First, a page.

External Link: 4 Timeless Writing Tips from ‘A Wrinkle in Time’ Author Madeleine L’Engle

Back in 1962, Madeleine L’Engle gifted children everywhere with her sci-fi fantasy classic A Wrinkle in Time. The book became a classic and continues to be enjoyed by young readers with over 10 million copies sold. On March 9, Disney is releasing a movie, based on the book, starring big names like Oprah, Chris Pine and Reese Witherspoon.

Like so many writers, L’Engle had a hard time finding a publisher. The book didn’t fit neatly into a genre category, and the concepts in the story were way ahead of their time. There were elements of quantum physics, the problem of evil, and it has a young female protagonist in a science fiction book, which was pretty much unheard of at that time. Aside from the content, she believed her troubles were also because people underestimate children. “They think you have to write differently,” she said. “You don’t. You just have to tell a story.”

In all, 26 different publishers rejected A Wrinkle in Time. L’Engle had almost given up when she was introduced to John C. Farrar of Farrar, Straus and Giroux. Although his publishing company did not publish children’s books at the time, he liked her book and published it with the caveat that the author should not expect much public reaction. She, in turn, had it added to her contract that the company could have the rights to the book forever, anywhere in the universe, except the Andromeda galaxy.

During her lifetime, L’Engle published over 60 books for children and adults. Read on to learn four powerful lessons from her experiences and expertise.

Read more at Writer’s Digest.

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External Link: Writers Who Don’t Read

At the New Yorker Book Bench Macy Halford recently posed an important question: “What is wanting to write without wanting to read like? It’s imperative that we figure it out, because Giraldi’s right: It’s both crazy and prevalent among budding writers.” She was echoing a question asked by debut novelist William Giraldi who in the course of teaching writing at Boston University has noticed a growing number of aspiring writers disinclined to read. This unfortunate trend inspired an open-ended analogy:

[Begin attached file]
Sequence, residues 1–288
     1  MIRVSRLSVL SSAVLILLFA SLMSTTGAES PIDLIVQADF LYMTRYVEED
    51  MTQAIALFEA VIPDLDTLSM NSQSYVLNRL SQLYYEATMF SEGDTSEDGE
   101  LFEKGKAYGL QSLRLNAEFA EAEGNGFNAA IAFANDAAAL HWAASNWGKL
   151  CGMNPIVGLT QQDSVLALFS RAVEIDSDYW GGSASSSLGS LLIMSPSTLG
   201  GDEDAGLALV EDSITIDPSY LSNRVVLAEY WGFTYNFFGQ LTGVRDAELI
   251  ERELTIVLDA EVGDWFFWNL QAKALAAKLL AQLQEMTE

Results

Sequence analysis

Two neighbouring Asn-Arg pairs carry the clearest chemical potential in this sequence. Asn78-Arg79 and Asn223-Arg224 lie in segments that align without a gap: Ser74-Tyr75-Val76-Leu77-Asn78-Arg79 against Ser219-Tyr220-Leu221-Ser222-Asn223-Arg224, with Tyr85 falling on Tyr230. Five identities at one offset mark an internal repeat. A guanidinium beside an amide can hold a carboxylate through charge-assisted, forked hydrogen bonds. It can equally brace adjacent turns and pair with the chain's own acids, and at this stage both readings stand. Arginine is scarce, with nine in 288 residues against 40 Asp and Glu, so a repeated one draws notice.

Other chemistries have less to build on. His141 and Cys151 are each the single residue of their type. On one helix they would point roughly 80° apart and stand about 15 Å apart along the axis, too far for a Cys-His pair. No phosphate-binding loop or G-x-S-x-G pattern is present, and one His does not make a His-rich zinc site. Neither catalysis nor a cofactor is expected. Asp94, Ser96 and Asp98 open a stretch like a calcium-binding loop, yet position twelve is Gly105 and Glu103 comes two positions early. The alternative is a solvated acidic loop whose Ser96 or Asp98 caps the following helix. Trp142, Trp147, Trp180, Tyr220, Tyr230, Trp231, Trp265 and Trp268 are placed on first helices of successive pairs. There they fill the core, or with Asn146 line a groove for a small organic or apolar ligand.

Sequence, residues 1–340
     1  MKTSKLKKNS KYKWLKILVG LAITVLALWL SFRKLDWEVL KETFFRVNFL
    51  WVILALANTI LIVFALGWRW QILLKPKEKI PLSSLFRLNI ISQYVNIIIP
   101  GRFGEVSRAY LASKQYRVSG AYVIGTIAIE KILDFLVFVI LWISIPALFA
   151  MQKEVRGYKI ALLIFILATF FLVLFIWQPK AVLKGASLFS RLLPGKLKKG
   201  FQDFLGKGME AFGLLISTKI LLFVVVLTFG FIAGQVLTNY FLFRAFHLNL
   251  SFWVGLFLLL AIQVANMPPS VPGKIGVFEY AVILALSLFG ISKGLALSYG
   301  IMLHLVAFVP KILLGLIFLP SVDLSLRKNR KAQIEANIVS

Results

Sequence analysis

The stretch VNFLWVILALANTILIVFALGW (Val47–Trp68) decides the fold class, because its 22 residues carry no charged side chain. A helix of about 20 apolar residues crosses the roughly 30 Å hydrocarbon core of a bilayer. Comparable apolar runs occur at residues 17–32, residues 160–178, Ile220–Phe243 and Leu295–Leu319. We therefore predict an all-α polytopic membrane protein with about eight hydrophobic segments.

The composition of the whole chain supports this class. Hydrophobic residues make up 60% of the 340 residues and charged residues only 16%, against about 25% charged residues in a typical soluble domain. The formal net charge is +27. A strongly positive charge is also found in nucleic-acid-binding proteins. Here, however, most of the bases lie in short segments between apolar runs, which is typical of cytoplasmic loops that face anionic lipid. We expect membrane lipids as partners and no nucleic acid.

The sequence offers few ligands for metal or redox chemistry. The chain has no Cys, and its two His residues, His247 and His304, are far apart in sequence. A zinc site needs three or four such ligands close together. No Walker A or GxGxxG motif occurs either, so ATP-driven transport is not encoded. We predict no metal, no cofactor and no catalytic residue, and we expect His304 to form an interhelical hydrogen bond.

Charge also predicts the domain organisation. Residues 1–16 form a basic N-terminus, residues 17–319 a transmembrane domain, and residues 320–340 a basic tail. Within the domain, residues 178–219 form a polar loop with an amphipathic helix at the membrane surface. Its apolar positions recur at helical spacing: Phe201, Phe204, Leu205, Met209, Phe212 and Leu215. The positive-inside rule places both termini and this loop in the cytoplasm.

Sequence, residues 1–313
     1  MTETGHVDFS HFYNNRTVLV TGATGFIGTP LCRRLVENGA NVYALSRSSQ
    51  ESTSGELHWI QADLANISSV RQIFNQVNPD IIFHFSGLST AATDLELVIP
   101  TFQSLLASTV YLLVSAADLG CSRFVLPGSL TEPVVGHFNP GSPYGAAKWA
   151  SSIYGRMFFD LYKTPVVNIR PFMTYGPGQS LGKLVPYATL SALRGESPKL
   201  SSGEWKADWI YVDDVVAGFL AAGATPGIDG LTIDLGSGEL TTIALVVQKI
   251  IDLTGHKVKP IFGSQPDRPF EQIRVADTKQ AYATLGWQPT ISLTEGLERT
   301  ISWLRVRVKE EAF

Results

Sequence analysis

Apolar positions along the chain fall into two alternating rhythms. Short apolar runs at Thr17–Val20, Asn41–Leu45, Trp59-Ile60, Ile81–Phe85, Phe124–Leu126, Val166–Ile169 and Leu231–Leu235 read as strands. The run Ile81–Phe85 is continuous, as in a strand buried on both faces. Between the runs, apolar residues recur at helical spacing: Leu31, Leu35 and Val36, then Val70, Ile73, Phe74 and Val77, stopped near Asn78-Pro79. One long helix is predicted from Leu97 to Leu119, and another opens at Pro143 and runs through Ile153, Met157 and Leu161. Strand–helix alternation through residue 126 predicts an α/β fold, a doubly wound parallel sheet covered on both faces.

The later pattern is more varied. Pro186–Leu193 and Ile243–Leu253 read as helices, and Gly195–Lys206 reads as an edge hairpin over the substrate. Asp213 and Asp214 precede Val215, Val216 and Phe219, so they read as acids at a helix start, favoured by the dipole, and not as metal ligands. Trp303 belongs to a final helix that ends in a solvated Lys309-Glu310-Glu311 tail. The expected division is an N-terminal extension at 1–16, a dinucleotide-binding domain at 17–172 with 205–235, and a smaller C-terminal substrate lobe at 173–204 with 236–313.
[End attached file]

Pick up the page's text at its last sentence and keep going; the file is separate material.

Wanting to write without wanting to read is like wanting to ____ without wanting to ____.

The New Yorker commenterati — unsurprisingly, a clever bunch — came up with some great analogies but none of them touched on the bigger question: How can anyone claim to be interested in writing without being serious about reading? If Giraldi’s observation rings true across teenagers and 20-somethings then what does this say about culture at large?

Read more at Salon.com.

Review: Prism World

My mentor (and proofreader) gives his opinion of my new book. For better or for worse, I appreciate his honest feedback and have every intention of improving my weak points in future stories. Thank you Dr. Robinson!

The Great Adventure

51uac5k9cSL._SY346_Prism World by Lyn Gilleland (398 pages). Available on Amazon.

It’s really hard to be objective when it comes to reviewing a book by someone you know. And yet you as a reader, as well as the author, would not expect any less from me. And so I find myself reviewing a book that I consider a breakthrough for the author, while still having its pitfalls. While the author has written other books, for all intents and purposes, I would consider this a first novel.

The story is set on a world that is very much like our own, yet small clues tell you it is in a time circa 1940s to 1960s. Biplanes still fly, people shoot revolvers, and the dress code is similar to what I might have seen when (or before) I was a child. With that in mind, the circumstance is not retro. The main…

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